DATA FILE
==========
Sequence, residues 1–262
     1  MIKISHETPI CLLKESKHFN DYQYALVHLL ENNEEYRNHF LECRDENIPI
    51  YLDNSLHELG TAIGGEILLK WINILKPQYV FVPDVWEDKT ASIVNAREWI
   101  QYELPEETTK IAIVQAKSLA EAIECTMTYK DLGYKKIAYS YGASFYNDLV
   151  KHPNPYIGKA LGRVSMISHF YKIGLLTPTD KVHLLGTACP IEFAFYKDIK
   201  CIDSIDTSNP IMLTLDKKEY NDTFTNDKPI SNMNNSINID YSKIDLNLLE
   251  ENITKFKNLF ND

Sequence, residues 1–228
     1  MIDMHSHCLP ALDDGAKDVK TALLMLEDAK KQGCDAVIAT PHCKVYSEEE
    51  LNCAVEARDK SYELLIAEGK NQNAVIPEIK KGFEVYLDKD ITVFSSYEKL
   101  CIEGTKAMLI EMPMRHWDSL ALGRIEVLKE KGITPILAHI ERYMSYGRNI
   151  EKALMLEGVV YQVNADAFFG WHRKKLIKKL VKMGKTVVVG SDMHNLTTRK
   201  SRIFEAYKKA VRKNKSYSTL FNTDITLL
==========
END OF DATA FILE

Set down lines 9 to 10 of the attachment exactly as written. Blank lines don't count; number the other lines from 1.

     1  MIDMHSHCLP ALDDGAKDVK TALLMLEDAK KQGCDAVIAT PHCKVYSEEE
    51  LNCAVEARDK SYELLIAEGK NQNAVIPEIK KGFEVYLDKD ITVFSSYEKL